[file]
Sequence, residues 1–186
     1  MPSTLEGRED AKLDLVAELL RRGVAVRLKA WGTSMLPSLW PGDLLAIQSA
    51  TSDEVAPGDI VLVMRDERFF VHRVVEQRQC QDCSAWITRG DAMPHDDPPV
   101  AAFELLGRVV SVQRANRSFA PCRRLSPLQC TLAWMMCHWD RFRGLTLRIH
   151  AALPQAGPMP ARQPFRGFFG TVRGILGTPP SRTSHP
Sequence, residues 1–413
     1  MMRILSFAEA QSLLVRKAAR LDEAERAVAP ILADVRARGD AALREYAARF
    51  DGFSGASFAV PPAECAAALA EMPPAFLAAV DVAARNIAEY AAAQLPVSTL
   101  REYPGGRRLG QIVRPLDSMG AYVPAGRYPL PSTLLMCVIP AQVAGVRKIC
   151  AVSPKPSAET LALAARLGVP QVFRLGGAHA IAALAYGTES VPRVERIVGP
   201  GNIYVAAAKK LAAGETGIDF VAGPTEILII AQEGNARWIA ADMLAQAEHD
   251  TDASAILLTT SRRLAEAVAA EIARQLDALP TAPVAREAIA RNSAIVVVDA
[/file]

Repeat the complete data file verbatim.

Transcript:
Sequence, residues 1–186
     1  MPSTLEGRED AKLDLVAELL RRGVAVRLKA WGTSMLPSLW PGDLLAIQSA
    51  TSDEVAPGDI VLVMRDERFF VHRVVEQRQC QDCSAWITRG DAMPHDDPPV
   101  AAFELLGRVV SVQRANRSFA PCRRLSPLQC TLAWMMCHWD RFRGLTLRIH
   151  AALPQAGPMP ARQPFRGFFG TVRGILGTPP SRTSHP
Sequence, residues 1–413
     1  MMRILSFAEA QSLLVRKAAR LDEAERAVAP ILADVRARGD AALREYAARF
    51  DGFSGASFAV PPAECAAALA EMPPAFLAAV DVAARNIAEY AAAQLPVSTL
   101  REYPGGRRLG QIVRPLDSMG AYVPAGRYPL PSTLLMCVIP AQVAGVRKIC
   151  AVSPKPSAET LALAARLGVP QVFRLGGAHA IAALAYGTES VPRVERIVGP
   201  GNIYVAAAKK LAAGETGIDF VAGPTEILII AQEGNARWIA ADMLAQAEHD
   251  TDASAILLTT SRRLAEAVAA EIARQLDALP TAPVAREAIA RNSAIVVVDA